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Parasites in water are a global health concern.
Fortunately, UV light is an effective water purification technique proven to kill up to 99.9999% of microorganisms.
But does UV light kill parasites in water, as well? Let’s find out!
UV light is a type of electromagnetic radiation. Its wavelength ranges from 10 nm to 400 nm. UV radiation is naturally present in sunlight and makes up about 10% of the sunlight.
Certain UV light is lethal to most parasites in water. When the right UV light, meaning UV-C light with a wavelength of 254 nanometers, enters a parasite it destroys the parasite’s DNA rendering it harmless.
That said, UV light disinfection works best when there are no floating particles in the water to shield the parasites from the UV rays (this is called shadowing).
UV light is effective against all parasites, but this effectiveness is dose-dependent. In other words, some UV doses are too low to handle certain types of parasites.
Generally speaking, UV systems should have an intensity and saturation rating of at least 40 mJ/cm² (Class A UV systems) to completely disinfect clear water.
Class B UV systems which are rated at 16 mJ/cm² are only intended for supplement disinfection in previously disinfected water.
The inactivation dose is the dose that kills a parasite. The UV dose is expressed as a product of irradiance (UV light intensity) and time of exposure. UV doses are stated as mJ/cm² or mWs/cm².
Giardia and Cryptosporidium, our two example parasites, are quite sensitive to UV irradiation. The UV dose needed for a 4-log (99.99%) inactivation of both is less than 10 mJ/cm². So, both a Class B and Class A UV system is typically enough to destroy them.
UV disinfection only works in certain conditions, and if these conditions are not met, you risk consuming contaminated water.
The first condition is that the water must be free of floating particles. This is because parasites and other microorganisms are extremely small and can hide behind particles to escape the UV light. You must install one or more pre-filtration stages in front of your UV system to eradicate these particles.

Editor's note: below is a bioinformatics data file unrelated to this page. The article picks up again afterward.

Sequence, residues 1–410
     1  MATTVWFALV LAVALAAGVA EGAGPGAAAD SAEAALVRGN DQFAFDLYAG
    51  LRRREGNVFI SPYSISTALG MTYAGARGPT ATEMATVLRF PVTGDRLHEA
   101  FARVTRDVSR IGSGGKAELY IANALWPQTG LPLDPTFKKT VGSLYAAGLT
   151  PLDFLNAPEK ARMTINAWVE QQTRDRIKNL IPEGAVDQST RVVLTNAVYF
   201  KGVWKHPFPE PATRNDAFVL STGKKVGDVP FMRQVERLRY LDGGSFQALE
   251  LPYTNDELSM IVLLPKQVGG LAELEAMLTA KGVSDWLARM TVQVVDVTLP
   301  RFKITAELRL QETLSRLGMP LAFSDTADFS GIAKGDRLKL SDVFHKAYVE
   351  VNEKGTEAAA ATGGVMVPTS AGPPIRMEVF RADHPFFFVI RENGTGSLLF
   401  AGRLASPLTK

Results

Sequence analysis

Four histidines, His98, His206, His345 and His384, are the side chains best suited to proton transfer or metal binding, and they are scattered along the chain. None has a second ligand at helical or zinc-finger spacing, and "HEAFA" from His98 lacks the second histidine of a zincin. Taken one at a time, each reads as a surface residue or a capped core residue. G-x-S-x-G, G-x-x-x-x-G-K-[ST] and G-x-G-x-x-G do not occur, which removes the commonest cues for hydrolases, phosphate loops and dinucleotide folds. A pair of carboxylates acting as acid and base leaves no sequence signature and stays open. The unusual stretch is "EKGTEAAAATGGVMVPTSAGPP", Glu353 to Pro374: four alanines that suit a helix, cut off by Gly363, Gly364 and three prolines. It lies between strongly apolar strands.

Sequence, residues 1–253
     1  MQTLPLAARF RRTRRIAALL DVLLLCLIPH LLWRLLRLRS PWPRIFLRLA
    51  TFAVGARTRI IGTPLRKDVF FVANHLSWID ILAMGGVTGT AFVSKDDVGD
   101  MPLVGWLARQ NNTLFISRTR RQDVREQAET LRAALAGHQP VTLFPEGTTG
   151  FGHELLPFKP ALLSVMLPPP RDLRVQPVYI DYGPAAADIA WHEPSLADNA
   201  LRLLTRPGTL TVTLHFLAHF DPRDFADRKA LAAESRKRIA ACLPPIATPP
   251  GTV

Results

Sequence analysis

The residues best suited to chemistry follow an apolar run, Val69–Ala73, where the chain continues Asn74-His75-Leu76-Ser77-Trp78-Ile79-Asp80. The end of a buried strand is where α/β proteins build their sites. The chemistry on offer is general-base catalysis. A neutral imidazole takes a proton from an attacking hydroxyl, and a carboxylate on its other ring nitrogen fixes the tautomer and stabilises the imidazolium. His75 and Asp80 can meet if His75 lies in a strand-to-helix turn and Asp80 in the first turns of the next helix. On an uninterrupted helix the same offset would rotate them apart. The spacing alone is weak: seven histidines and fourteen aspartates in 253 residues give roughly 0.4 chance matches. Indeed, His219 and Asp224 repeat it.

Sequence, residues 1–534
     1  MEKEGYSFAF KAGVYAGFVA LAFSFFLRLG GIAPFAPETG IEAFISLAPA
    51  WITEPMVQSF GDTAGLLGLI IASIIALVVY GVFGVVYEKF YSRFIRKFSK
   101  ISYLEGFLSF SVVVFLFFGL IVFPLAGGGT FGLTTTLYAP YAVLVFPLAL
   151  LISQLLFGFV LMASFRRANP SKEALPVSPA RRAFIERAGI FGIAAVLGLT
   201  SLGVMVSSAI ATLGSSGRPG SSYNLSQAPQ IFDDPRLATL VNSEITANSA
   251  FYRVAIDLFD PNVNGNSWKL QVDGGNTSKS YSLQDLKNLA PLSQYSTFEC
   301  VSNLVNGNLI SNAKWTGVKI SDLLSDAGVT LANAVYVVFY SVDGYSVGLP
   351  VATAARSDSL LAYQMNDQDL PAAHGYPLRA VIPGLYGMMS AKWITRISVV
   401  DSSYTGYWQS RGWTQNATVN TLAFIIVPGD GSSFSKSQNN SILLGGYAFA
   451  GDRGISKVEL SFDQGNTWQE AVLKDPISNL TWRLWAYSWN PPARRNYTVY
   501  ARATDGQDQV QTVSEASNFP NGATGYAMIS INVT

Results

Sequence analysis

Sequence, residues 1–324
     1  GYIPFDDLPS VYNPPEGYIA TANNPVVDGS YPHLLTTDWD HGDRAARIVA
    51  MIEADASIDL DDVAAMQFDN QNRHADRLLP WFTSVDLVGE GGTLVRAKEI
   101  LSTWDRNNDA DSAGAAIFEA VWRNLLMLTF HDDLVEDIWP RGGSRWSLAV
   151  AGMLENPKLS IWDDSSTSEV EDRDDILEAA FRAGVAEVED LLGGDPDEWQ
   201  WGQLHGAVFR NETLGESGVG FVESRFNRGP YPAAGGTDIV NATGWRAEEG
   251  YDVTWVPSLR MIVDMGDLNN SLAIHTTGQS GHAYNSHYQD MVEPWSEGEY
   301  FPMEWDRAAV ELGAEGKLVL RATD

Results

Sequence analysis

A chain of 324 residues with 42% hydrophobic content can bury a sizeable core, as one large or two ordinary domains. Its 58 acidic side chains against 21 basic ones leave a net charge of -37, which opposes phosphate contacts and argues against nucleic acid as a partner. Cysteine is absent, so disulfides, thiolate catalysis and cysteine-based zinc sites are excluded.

The most common pre-filtration is a 5-micron sediment filter that removes rust, sand, dirt, and other particles. If you use well water, you might need to add iron removal and water softening to your sediment filtration.
Tip: Test your water to see if it meets these conditions. If it doesn’t, you’ll need to treat your water before attaching the UV filter:
Although UV water filters need less maintenance than other systems, you still need to do your part to ensure yours remains effective.
UV water filter maintenance typically involves the UV light bulb and the quartz glass sleeve. To keep your UV water filter running, you’d need to replace the bulb at least once a year.
You’d also need to clean the quartz glass sleeve and check it for permanent fogging. But on the bright side, you don’t need to do this too often. An annual clean-up is usually enough to handle most of the build-up.
After a while, the fogging becomes permanent, and you’d need to change the quartz sleeve entirely. This replacement is done ideally once every two years.
Besides the bulb and the quartz glass sleeve, you’d also need to keep an eye on the sealing rings at each end of the UV filter system. They usually work a long time without leaking, but you should always be on the lookout. Unaddressed leaks can grow into bigger problems.
Testing your water after UV disinfection is important because it lets you know if your treatment is effective.
Here are ways you can test your water:
Lab tests give you detailed and 100% accurate results. However, you must visit an EPA-certified lab. The EPA has set standards that all labs must meet. You can find an EPA-certified lab on the EPA website. Most states have multiple approved labs, so it’ll be fairly easy to find one.
You can use a DIY water test kit if you’d like to test your water on your own. DIY kits are economical and accurate. The best part is you can run a DIY test without being an expert. The kit pack comes with clear instructions for you to follow.
If you have any thoughts about the question, does UV light kill parasites in water, please don’t hesitate to leave a comment below!
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